30DBC Day 29: A book everyone hated but you liked

Hi everyone!

So, this is the penultimate day of the 30DBC, if you have been reading all – or heck, most – of my posts for this challenge so far, I thank you for following along. Even more so if you’ve also been following Rhey of Sunshine‘s blog.

Today’s challenge is on the book I liked that everyone else hated. Personally, I don’t think this scenario exists. Unless you did like Twilight. Otherwise, it’s pretty much impossible for everyone to hate a certain book. There will always be the classic book camp and there will always be the teen novel camp, and those in between, and one may hate the other but mutual hate does not really exist. And if it did, there is a strong likelihood that I hated that book to, so that’s pretty much a moot point.

So the closest situation I could think of in which there was a text I liked but everyone seemed to hate is …

Self Reliance and Other Essays by Ralph Waldo Emerson

9781566196987_p0_v1_s260x420Okay, so let me begin with my story: It was the first year in uni and we had to read Emerson’s essays early in the semester for one week for my American Literature course. And, like the diligent student I am, I read them, specifically “Self-Reliance”, “Circles” (by accident, even though it wasn’t on the reading list but it was so good), “The Poet” and “History”, and I just remembered being sent into a transcendentalist journey.

The essays are like 19th century self-help or self-exploration articles. They spoke of living in the moment, being satisified with the person you are and to not be over-involved in the concerns of society but instead to be appreciative of what is around you.

And then I had to go for the lecture that week to discuss it, and I was so excited to discuss the philosophy behind it – and, to my utter astonishment, it seemed like everyone there just absolutely hated it.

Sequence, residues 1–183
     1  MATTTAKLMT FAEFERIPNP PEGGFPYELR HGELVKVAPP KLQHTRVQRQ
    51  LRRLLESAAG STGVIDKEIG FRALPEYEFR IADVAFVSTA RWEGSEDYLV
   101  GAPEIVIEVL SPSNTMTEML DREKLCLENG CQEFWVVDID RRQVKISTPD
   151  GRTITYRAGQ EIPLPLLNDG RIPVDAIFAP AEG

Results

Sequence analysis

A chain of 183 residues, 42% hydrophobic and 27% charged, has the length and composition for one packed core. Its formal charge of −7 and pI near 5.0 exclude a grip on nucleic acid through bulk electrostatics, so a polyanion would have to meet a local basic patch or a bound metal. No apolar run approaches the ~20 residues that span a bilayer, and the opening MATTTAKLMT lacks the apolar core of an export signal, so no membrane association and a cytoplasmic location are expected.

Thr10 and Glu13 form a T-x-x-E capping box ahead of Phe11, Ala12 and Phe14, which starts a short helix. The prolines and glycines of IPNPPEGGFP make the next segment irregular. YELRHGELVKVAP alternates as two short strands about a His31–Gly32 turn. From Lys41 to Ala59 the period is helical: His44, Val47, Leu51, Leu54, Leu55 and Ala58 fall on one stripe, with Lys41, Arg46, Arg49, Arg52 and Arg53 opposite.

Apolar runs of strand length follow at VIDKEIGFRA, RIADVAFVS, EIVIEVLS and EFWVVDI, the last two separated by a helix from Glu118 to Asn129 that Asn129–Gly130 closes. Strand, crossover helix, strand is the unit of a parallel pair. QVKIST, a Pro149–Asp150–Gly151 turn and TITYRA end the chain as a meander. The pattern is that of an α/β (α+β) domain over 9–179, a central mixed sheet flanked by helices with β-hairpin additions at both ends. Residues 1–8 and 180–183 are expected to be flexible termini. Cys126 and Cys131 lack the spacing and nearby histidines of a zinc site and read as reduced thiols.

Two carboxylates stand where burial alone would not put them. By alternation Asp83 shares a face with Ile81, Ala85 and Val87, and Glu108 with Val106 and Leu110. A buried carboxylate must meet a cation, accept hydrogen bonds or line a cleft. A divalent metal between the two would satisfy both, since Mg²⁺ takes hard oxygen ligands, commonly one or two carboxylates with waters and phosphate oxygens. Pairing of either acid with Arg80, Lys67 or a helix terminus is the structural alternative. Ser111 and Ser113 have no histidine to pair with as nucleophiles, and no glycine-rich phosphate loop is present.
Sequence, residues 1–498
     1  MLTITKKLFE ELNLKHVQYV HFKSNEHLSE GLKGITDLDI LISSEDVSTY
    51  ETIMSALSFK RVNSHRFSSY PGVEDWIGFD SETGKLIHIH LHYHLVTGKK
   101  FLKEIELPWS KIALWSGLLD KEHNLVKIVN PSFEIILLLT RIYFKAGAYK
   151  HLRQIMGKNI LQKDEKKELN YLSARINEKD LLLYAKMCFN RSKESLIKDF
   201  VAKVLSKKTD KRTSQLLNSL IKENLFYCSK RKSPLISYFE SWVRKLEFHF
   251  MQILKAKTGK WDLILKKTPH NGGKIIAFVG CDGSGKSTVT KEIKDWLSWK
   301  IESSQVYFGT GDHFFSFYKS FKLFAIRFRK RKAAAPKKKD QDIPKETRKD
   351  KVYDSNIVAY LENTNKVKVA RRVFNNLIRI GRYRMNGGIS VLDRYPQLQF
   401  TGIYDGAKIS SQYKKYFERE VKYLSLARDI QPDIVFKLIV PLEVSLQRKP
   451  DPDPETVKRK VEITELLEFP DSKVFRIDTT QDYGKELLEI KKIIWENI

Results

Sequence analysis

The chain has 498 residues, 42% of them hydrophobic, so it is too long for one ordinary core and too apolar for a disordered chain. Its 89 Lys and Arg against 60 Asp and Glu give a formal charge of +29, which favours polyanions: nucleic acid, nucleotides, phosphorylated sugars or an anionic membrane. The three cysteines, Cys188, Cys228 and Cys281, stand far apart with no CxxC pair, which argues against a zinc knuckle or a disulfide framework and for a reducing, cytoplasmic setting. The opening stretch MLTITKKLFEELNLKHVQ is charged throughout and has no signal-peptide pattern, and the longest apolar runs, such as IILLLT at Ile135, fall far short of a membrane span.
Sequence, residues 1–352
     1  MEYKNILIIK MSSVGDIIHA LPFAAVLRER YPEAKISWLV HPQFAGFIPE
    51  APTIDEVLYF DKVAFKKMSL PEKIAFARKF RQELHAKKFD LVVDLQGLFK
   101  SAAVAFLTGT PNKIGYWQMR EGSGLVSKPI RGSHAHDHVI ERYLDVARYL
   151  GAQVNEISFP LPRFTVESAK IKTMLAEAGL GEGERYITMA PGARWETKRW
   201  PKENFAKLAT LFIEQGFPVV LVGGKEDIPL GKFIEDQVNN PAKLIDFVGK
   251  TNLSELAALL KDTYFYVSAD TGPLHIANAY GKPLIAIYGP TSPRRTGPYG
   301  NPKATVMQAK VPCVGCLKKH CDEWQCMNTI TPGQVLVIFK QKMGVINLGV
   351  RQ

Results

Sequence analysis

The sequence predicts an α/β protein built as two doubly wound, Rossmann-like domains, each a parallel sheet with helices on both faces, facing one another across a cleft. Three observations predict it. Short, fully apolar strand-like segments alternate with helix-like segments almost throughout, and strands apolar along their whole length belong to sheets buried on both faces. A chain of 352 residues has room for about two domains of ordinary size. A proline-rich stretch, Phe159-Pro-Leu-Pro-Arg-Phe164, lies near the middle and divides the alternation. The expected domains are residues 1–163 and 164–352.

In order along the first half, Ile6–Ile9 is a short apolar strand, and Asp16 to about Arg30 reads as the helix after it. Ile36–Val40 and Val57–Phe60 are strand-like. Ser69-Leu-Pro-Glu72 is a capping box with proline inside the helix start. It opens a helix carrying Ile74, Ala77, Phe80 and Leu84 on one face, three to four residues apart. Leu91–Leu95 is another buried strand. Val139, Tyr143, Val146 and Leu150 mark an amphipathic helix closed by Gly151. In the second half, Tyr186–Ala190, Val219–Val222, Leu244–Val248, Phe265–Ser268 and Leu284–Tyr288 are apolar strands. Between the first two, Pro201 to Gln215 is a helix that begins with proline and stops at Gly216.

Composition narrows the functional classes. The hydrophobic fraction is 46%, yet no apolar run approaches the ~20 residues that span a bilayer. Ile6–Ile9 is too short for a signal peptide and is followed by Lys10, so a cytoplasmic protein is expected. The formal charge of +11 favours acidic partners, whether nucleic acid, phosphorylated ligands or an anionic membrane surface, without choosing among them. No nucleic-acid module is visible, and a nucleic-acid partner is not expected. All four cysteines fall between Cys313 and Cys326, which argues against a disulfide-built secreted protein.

They could not read past half a page, they did not understand anything Emerson was saying, they did not like the fact that there really was a clear argument to his essays (although that is not what essays are always about!) or they just did not like transcendentalism as a whole. And I could not understand it – who could not agree with what Emerson says? Even in the most superficial sense of his words?

Man is timid and apologetic; he is no longer upright; he dares not say “I think,” “I am,” but quotes some saint or sage. He is ashamed before the blade of grass or the blowing rose. These roses under my window make no reference to former roses or to better ones; they are for what they are; they exist with God to-day. There is no time to them. There is simply the rose; it is perfect in every moment of its existence. Before a leaf-bud has burst, its whole life acts; in the full-blown flower there is no more; in the leafless root there is no less. Its nature is satisfied, and it satisfies nature, in all moments alike. But man postpones or remembers; he does not live in the present, but with reverted eye laments the past, or, heedless of the riches that surround him, stands on tiptoe to foresee the future. He cannot be happy and strong until he too lives with nature in the present, above time.” 
― Ralph Waldo EmersonSelf-Reliance and Other Essays

To me, there are so many passages quotable from Emerson’s essays and so many concepts to reflect upon. But, I can, to some extent, understand their qualms with his writing. Emerson does not write in the most direct manner – sometimes you lose the point in his speech – you forget what exactly he is trying to say, he crafts sentences in squiggles rather than straight lines.

But isn’t that the point of it? It’s to not to be concerned with what has passed or what is in the future, but to live in the words themselves.

I would recommend anyone to try reading one of Emerson’s essays (Here, let me provide a link) – sit down in a comfortable place, preferably near a window that looks out at some greenery, and with a nice warm cup of coffee and tea, and just read. They aren’t long, and they don’t take long to read (they take longer to think about), and they are a goldmine of beautiful quotes and reflections.

So, I’ll catch you guys tomorrow for the finale – the last challenge of the 30 Day Book Challenge.

Till next time!

cumuloq ❤


One thought on “30DBC Day 29: A book everyone hated but you liked

  1. Pingback: 30DBC: Day 29 – A Book Everyone Hated But You Liked | Rhey of Sunshine

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